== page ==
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Companion Planting


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Companion Planting
The processes whereby the plant kingdom works with you to create the garden.

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Certain herbs and plants have a growth and positive effect on each other---another good reason for planting herbs in the garden.

Some herbs repel and confuse pests--others attract predators, which help naturally to keep the pest population under control--for e.g. wilde dagga, [leonotus leonurus], Katstertjie [bulbine fructesens] and honeysuckle [lonicera periclymenum] attract small birds, which feed on larvae, and lavender repels moths.

Another way of enhancing plant growth in the garden is to plant physically complementary plants together--e.g. corn and peas--the corn supports the peas and the peas fix nitrogen in the soil.


Use organic fertilizer or compost, it enhances the soil whereas chemical fertilizer has a negative effect on the soil.

Some vegetables when left to go to seed repel weeds and their root system aerates the soil e.g.-radish, mustard and cabbage.

little flower in the bush
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Planting the same crops in the same
area for years can increase the likelihood of disease.
Overcome this by continual crop rotation and permanent beds of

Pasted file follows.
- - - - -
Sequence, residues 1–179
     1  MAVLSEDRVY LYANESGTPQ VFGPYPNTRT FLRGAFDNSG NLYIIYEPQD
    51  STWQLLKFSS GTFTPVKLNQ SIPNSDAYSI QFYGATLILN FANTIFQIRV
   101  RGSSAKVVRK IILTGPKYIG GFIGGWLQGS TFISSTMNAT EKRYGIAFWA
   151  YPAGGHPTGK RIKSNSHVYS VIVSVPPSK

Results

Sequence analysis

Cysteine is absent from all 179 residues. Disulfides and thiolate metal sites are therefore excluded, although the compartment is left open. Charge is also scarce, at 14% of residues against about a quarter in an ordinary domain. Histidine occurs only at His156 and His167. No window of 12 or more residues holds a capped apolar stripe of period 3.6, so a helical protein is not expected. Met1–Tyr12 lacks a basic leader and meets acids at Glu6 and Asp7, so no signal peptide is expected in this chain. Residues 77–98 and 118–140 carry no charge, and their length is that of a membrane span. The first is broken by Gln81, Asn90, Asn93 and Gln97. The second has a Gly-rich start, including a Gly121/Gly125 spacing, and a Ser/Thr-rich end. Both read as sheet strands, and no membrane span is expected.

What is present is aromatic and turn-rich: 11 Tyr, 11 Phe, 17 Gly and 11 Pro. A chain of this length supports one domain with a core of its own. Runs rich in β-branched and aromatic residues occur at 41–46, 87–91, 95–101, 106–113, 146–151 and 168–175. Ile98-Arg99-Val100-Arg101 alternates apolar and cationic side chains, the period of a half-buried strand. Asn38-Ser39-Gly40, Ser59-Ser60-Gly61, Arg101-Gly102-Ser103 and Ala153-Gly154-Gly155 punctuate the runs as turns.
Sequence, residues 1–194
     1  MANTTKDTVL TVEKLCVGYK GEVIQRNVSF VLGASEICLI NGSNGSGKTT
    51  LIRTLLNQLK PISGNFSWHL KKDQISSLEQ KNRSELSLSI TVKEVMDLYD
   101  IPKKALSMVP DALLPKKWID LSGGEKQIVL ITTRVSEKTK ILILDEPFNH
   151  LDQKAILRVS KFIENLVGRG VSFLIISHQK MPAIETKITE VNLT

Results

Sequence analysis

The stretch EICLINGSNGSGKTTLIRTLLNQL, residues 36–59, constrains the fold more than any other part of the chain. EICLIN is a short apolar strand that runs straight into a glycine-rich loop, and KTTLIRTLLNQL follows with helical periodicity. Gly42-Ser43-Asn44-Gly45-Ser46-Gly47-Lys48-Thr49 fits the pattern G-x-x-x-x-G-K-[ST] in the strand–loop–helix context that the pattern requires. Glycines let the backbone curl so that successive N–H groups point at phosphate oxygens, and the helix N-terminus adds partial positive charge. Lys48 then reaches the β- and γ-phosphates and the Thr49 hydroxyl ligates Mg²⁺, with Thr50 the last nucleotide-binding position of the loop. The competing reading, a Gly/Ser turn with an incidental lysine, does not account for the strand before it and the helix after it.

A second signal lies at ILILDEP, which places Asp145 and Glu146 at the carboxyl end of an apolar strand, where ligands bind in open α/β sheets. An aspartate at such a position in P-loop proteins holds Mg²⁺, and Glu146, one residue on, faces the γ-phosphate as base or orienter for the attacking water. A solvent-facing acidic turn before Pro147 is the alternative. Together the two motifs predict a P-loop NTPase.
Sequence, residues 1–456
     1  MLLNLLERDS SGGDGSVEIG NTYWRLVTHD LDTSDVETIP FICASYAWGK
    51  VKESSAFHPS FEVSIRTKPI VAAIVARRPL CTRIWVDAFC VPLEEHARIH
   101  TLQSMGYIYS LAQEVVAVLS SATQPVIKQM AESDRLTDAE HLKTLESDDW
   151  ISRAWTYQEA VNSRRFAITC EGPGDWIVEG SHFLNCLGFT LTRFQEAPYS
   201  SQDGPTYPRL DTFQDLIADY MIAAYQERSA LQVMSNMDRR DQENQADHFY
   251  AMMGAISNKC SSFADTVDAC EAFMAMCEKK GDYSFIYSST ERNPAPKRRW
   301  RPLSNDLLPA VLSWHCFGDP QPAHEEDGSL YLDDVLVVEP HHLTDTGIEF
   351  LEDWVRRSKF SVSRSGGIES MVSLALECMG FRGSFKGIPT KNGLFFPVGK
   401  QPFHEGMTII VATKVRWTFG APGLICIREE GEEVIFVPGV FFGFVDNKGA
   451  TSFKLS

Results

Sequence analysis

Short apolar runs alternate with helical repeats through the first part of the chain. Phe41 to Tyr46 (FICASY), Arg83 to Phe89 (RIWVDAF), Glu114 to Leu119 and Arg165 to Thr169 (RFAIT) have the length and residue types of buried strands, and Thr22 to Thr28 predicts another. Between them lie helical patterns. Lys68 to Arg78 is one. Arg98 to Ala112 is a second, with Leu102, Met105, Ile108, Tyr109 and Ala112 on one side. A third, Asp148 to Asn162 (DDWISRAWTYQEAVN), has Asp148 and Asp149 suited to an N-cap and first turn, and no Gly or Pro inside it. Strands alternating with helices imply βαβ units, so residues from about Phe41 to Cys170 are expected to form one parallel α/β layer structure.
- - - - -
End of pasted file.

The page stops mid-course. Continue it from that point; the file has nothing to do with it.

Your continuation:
The medical uses of the herb are not only for the benefit of man but for the plant kingdom too.

jumping herb

lavender meditation spiral

Beauty baffles Pests

Have a small area, which grows wild; not disturbed by the imposed yearly changes you do in the garden.
A stabilized mini ecosystem can harbor predators which help keep pests under control. Plant some rocks in the garden, which harbor predators and conserve water.
Watch your house pets-for instance the cat can destroy butterflies and birds, which normally prey on garden pests.
In getting the plants to help you garden it is usef

Click here to look at the companion planting charts

Holds water and create humus. Herbs like comfrey lose their leaves in winter and make wonderful mulching material.

Other nitrogenous mulching materials are Lucerne, Port Jackson leaves, peas, beans and sweet peas.

Untreated Wood shavings and bark conserve water and minimize weeding.

The following have been gleaned from folklore and from personal experience.
I have found that planting a profusion of aromatic herbs both as borders and interspersed between the plants, I have had good insect free crops.

What grows well one season may be pested out the next due to weather, altered reproductive cycles, polution and other reasons.


I find that when I plant a mini hedge of katstertjie [ bulbine fructesens] or wild garlic [tulbaghia violacia], snails tend to gravitate to that area and come out in the evening to congregate. The leaves are longish and spiky and quite fat and the snails seem to like that bushy space they make .the plants grow thickly and the cool is snail land.

This is not ideal but it keeps the snails from going into the tender areas of the garden. Snails are notoriously fond of beer. Put out some beer in a tin at soil level, they usually drink thereof and getting drunk --fall in and drown---not exactly the Buddhist way.

I believe oak mulch helps to keep them away, never tried it myself though...

Salt has an immediate effect on snails but you have to hit your target---try not to spill much salt in the growing area.

Keep in touch at herbs@herbsorganic.co.za

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